Editor's Note: This article and the feature Eight Disciplines of a Successful Exit mark part two of Glass Magazine’s multi-part Exit Planning and Succession series. The first in the series is, “A Successful Exit: Capture Business Wealth and Pass the Baton to the Next Generation;” the next article in the series will run in the May issue. If you have an exit or succession planning story to share, contact Editor Katy Devlin, firstname.lastname@example.org.
Anne-Merelie Murrell has long had a vision for her company, Giroux Glass. Under her leadership, Giroux has grown to become one of the nation’s top glazing contractors, with four locations and 204 employees, and a project portfolio that includes some of the highest profile buildings in the Western United States.
However, Murrell’s vision for the company goes well beyond the company’s growth and project success, and to how the company would continue to succeed after she retired.
Murrell, who served as CEO of Giroux Glass for 24 years after purchasing the company from its founder Louis Giroux in 1991, worked for nearly a decade to craft an exit and succession plan—one that kept her employees top priority. This plan included the creation of an Employee Stock Ownership Plan (ESOP) that allowed Murrell to gift her stock to employees over time, and a two-year search for a successor.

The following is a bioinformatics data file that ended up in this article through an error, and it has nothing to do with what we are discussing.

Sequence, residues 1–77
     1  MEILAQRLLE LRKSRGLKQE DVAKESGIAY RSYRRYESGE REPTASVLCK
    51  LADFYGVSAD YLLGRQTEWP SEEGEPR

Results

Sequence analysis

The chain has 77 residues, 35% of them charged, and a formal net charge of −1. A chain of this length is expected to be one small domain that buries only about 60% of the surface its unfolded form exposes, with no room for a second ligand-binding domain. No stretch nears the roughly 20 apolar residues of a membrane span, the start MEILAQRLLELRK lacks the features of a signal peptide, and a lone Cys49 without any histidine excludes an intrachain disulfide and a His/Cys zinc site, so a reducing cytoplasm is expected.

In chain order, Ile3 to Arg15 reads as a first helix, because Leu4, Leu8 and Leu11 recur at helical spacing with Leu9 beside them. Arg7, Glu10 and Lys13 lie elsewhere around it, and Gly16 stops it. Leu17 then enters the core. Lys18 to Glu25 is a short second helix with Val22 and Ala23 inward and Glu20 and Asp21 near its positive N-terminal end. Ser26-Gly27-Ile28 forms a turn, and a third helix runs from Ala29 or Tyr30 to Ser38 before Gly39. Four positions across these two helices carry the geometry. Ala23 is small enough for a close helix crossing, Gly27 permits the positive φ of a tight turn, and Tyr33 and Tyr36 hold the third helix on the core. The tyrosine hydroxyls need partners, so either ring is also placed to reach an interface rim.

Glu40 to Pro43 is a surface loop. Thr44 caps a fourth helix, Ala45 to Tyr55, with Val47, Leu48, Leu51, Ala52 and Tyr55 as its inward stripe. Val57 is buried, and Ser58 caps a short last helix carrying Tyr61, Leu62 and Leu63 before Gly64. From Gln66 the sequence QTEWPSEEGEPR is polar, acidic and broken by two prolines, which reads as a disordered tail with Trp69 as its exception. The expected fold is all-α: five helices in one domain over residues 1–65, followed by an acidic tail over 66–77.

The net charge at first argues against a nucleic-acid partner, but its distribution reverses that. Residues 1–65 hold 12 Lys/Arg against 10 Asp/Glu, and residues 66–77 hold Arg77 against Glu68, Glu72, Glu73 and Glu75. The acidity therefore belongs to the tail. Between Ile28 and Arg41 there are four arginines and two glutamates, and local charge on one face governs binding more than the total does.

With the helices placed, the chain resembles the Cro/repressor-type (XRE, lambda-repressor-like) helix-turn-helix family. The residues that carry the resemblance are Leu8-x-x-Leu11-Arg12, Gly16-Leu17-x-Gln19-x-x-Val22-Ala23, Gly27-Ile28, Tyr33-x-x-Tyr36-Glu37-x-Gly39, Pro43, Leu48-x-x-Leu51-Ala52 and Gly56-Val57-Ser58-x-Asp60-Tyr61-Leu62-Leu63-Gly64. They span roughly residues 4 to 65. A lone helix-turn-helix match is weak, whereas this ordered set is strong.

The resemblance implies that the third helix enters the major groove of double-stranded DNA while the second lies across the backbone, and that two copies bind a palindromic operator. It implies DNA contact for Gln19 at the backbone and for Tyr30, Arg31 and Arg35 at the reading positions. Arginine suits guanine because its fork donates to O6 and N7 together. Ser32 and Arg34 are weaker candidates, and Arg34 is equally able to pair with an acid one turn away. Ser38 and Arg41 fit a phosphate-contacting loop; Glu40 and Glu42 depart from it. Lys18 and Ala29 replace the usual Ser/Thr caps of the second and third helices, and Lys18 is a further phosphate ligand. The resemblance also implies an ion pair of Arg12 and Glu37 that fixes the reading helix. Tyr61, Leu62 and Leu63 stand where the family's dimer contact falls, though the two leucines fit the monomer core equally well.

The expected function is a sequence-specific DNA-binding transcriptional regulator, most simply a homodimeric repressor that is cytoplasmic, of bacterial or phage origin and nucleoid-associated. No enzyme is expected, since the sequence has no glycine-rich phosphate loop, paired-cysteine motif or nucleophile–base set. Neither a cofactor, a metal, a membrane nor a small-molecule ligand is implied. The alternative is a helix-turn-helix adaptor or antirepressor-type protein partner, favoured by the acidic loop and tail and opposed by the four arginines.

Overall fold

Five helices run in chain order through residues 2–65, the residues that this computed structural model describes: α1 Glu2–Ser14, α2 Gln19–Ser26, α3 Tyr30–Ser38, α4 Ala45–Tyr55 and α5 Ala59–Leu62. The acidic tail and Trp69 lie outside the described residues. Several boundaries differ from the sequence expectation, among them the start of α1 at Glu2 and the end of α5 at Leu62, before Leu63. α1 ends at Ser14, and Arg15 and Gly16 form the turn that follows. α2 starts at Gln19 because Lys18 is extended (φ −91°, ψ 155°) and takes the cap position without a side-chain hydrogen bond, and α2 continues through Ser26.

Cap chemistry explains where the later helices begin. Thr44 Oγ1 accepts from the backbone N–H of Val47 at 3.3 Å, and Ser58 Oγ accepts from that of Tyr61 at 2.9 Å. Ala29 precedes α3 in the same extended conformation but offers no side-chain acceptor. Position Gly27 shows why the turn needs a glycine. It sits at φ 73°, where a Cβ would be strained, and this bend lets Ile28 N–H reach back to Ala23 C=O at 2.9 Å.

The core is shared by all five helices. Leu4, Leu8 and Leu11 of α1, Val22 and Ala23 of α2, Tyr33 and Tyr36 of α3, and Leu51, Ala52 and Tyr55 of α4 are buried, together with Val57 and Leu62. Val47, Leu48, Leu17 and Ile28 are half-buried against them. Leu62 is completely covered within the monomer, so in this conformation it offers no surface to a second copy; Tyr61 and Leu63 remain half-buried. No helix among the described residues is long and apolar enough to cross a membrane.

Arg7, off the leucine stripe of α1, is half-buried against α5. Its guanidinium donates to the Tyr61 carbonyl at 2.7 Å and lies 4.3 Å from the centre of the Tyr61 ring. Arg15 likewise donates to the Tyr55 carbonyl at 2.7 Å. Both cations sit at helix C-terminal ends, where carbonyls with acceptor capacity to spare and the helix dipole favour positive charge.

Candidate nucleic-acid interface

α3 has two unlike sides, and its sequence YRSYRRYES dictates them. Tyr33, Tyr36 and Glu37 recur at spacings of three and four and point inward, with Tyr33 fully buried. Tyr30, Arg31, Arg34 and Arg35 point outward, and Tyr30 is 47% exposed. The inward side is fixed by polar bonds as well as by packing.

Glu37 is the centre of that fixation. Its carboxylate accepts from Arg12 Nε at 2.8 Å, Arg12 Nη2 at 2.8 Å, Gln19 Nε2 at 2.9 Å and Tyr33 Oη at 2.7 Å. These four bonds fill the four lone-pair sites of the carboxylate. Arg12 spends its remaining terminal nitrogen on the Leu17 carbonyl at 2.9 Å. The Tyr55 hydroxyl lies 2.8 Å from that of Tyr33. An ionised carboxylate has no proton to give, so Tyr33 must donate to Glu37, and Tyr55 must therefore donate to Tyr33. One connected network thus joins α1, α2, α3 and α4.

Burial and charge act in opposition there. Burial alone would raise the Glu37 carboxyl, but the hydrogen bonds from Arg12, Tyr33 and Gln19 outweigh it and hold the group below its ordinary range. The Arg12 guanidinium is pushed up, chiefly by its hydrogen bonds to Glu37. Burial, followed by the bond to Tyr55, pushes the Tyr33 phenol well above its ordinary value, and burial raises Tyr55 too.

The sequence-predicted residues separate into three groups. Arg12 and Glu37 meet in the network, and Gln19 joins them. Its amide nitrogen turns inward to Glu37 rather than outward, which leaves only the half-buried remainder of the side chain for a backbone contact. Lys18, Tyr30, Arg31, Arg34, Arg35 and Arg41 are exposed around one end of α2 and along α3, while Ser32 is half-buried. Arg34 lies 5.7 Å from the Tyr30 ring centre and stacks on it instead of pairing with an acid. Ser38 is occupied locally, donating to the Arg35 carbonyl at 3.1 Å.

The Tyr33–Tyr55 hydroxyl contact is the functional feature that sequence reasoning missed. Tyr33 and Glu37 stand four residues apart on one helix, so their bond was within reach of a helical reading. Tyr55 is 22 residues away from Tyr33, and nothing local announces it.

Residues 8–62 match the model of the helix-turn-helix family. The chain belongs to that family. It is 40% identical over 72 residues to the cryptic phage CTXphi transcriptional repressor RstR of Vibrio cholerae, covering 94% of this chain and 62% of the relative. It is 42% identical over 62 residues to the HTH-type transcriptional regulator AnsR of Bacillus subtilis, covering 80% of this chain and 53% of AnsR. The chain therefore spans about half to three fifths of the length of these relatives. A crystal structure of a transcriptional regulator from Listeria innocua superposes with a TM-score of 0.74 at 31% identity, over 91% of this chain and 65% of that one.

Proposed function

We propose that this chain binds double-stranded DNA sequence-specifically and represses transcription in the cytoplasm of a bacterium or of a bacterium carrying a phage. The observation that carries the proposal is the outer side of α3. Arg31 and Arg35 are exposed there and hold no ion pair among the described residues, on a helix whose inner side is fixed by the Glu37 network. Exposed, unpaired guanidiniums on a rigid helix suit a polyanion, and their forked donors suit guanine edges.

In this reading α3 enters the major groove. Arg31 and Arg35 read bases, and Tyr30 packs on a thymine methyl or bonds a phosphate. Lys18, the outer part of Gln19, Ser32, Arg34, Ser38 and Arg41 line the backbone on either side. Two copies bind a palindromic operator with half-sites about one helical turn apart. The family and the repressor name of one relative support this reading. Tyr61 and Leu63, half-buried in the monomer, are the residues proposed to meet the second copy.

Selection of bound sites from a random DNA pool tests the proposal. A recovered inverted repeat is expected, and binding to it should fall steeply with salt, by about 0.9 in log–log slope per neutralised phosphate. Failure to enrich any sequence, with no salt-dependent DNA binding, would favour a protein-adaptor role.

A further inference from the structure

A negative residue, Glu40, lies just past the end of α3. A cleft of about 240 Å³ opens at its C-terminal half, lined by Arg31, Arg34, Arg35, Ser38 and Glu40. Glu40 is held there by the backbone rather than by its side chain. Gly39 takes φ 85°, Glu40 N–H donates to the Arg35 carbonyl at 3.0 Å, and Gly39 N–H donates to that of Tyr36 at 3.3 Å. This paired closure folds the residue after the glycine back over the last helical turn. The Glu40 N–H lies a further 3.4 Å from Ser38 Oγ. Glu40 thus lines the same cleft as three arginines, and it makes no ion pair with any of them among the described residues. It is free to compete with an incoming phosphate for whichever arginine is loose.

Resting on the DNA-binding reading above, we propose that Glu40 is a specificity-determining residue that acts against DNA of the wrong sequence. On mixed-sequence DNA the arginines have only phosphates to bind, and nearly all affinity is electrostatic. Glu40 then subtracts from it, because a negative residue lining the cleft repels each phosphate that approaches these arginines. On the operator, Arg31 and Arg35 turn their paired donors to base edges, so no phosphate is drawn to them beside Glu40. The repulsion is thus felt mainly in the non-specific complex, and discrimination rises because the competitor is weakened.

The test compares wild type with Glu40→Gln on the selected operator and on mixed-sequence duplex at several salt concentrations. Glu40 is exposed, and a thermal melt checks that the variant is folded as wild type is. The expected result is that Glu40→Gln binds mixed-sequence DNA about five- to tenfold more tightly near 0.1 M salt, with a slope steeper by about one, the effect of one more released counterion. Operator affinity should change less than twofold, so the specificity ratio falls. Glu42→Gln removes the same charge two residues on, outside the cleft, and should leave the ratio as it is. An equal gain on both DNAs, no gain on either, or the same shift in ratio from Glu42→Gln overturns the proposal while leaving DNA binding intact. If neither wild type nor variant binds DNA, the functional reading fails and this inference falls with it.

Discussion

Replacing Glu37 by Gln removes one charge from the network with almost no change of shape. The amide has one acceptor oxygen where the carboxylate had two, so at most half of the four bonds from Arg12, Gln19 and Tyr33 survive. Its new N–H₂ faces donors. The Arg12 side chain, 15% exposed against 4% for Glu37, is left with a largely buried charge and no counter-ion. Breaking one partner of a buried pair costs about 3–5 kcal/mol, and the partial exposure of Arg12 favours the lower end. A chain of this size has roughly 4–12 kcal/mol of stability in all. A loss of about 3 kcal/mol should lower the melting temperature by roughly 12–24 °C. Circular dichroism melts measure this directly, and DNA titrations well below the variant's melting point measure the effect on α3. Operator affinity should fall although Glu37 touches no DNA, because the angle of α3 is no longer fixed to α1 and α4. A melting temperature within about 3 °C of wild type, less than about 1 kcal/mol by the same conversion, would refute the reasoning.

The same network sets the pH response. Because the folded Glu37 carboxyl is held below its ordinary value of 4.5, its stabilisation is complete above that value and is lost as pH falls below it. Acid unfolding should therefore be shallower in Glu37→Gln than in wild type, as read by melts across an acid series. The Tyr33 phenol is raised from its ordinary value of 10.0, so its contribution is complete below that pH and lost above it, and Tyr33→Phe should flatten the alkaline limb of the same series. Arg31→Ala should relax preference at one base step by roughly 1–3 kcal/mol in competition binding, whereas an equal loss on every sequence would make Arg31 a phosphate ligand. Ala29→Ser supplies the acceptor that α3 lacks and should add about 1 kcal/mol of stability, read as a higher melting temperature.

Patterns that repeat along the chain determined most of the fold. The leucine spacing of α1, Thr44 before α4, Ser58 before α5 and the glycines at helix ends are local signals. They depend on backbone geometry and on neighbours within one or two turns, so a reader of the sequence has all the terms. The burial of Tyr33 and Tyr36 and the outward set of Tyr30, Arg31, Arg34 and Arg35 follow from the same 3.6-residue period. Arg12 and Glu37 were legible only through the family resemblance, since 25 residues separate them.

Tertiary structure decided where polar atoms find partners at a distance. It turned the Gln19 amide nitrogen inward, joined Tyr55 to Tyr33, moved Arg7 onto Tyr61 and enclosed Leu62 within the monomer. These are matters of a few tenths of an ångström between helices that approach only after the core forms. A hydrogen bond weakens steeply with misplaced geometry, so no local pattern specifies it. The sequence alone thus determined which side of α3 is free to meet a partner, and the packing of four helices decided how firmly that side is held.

The exit plan
Murrell owned 100 percent of stock in Giroux Glass from the time of purchase until 2007, when Murrell enacted the ESOP exit plan. Through this process, Giroux employees became partners, and Murrell determined how her exit would ultimately benefit all of them, according to company officials.
Currently, Giroux is 14.5 percent employee owned, and set to be 100 percent employee owned by 2022, when Murrell will completely exit from the company as a shareholder. This trajectory allows time for the ESOP to be unleveraged—without debt. The more profitable Giroux Glass is, the more stock can be purchased. While working toward maintaining an unleveraged ESOP, Giroux Glass will be able to grow bonding capacity by continuing to strengthen its balance sheet, according to company officials. (See sidebar)
Consideration of transitioning Giroux to an ESOP company began for Murrell over 15 years ago, at which time she considered other transfer options, and reached out to dozens of experts and peers in the field.